On April 25th, at the Beacon Theatre on Manhattan’s Upper West Side, the 2015 Tribeca Film Festival closed out in a big way with the 4K restoration of Martin Scorsese’s virtuoso crime epic, GoodFellas. Audiences watched wide-eyed as they were treated to a trip down memory lane, revisiting the master director’s explosive entrance to a new decade originally released in 1990, leaving no doubt that he was still at the top of his game and redefining storytelling, genres, and cinema itself. Henry Hill (Ray Liotta) always wanted to be a gangster. Starting in his childhood neighborhood, idolizing the local hoods, led by Paul Sorvino’s “Paulie” Circero. One of the film’s narrative threds is hit early, when Hill recites the mafia’s mantra: “Never rat on your friends, and always keep your mouth shut.” Oh, how far he has to go.

Jun
19
2015
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"Let's Kill Ward's Wife" Turns Out To Be Sage Advice Review

Scott Foley has been a silver screen star for some time, kicking off with a long run on Felicity before turns across all genres in Scrubs, The Unit, True Blood, and, most recently and recognizably, on Scandal. With the cache to pull some clout to his feature directorial debut, he does quadruple duty as writer, producer, director, and star of Let’s Kill Ward’s Wife. A black comedy that still manages to keep the tone light, even as a body is being chopped to pieces, the flick joins a perverse pantheon of ensemble humor with moderately well known casts that may have hit its high-water mark with 1998’s Very Bad Things. That crass little outing saw Jon Favreau, Christian Slater, Jeremy Piven, and Daniel Stern trying to dispose of a dead prostitute after a bachelor party in Vegas goes south.

May
28
2015
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"Gladiators of Rome" Inexplicably Cost $40 Million to Make Review

Gladiators of Rome is a far cry from the Ridley Scott epic of animated films. Not that it should be, as it is meant for kids and they may not be so hot on a cartoon Joaquin Phoenix Emperor incest plotline. Instead, Gladiators… serves up a tried and true zero-to-hero story with goofy independent animation. Imported from Italy, the project was made by the same company behind some Cartoon Network show called Winx Club with obvious influences from anime, that has crept its way into both a 3D and traditional feature film from Nickelodeon.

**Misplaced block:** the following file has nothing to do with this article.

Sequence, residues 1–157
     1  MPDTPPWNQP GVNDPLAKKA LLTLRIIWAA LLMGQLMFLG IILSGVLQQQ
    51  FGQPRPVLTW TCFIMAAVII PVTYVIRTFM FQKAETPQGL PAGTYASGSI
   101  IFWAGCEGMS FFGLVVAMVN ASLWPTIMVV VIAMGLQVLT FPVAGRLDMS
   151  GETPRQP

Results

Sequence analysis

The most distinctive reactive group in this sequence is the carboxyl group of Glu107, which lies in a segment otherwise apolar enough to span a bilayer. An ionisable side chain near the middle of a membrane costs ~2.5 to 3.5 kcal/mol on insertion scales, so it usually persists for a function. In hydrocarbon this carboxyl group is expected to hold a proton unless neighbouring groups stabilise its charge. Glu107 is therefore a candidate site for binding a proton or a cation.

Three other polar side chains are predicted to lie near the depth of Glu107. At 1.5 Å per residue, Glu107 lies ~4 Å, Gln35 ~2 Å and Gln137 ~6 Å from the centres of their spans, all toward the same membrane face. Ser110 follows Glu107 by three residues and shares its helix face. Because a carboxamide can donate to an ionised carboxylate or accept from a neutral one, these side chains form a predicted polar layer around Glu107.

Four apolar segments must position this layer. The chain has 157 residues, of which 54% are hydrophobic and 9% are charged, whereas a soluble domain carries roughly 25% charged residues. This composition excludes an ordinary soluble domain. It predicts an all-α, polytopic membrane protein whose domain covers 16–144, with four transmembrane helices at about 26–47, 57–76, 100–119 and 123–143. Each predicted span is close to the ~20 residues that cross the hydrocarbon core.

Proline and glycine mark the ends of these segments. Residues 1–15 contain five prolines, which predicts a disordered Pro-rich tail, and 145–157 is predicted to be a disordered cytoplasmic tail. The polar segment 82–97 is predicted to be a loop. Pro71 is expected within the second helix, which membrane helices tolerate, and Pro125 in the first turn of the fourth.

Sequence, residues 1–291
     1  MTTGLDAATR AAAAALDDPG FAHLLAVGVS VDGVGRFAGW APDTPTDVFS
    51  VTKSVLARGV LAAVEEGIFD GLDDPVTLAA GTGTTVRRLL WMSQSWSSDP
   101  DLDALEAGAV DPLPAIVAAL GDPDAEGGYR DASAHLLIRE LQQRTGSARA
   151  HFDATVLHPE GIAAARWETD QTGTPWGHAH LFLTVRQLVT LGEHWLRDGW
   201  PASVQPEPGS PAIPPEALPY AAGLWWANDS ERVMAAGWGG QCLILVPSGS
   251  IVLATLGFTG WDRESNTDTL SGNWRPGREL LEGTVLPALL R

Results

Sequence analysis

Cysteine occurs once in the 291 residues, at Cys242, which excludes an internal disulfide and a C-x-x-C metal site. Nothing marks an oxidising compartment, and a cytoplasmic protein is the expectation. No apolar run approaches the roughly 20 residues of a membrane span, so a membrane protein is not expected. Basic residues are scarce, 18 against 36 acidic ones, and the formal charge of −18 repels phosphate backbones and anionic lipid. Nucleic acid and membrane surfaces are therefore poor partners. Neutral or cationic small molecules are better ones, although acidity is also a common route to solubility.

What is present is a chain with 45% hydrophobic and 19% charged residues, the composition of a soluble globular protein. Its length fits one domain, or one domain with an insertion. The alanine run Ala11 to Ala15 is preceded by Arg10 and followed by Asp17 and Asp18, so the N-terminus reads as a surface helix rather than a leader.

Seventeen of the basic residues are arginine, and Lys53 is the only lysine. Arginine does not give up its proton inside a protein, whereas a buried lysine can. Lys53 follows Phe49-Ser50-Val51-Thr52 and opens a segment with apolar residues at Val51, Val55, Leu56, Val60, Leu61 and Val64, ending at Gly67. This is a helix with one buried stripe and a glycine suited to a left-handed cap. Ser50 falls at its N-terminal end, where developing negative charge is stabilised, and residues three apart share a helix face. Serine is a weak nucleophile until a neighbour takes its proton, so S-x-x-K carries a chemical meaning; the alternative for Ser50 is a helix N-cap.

May
26
2015
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Not All Orson Welles Films Can Be "Citizen Kane" Review

Orson Welles was just 27 when he wrote, starred, and directed in the film still regarded by most as the greatest motion picture ever made, Citizen Kane. The young genius was a Hollywood transplant, lured in from the prestigious New York City theatre community, where, in 1936, he had co-founded the Mercury Theatre. To this day, many know of Welles’s infamous broadcast of H.G. Wells’s War of the Worlds on Halloween Eve in 1938. The naturalism of the Mercury ensemble’s performances, led by the unrivaled coldness of Welles’s own velvet voice, convinced a nation that ordinary folks were being interviewed live as an extraterrestrial invasion unfolded. The broadcast incited its fair shares of panic and landed Welles in the national spotlight defending his work. He would find himself on the wrong side of critical sentiment throughout his career, adding only more fire and brimstone to a legacy of confrontation and innovation. Years later, not even Welles could have foreseen that the Mercury Theatre would force his introduction to 1947’s The Lady from Shanghai.

May
26
2015
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"The Liberator" Finds New Freedom on Blu-ray Review

Sometimes the critics are just plain wrong. Such is the case with the lavish epic The Liberator, which suffered unfairly at the hands of hypocritical reporters and narrow-minded reviewers. There was a time in Hollywood when the war epic was a staple of cinema with staggering multinational ensembles, specifically in the post-World War II years. International comrades went A Bridge Too Far, blew up The Bridge on the River Kwai, and reached into both the recent and distant past to cross the Nefud Desert in Lawrence of Arabia and make all slaves free in Spartacus. The Liberator is one such film, but in an era of CGI and superheroes, the tastemakers have forgotten what quality is. Every review of the film smacks of unfair cynicism, missing that this is a competent, confident motion picture (yes, motion picture) that should be heralded as a much needed return to what makes cinema profound, powerful, and purposeful. Even more importantly, it is a motion picture about a certain group of people and culture by those very people and that culture. Hollywood continues to wring its hands about equal opportunity and fairness for minority creators; The Liberator makes them look like fools, with a Venezuelan star and Venezuelan director masterfully telling one of the nation’s most important stories.

May
26
2015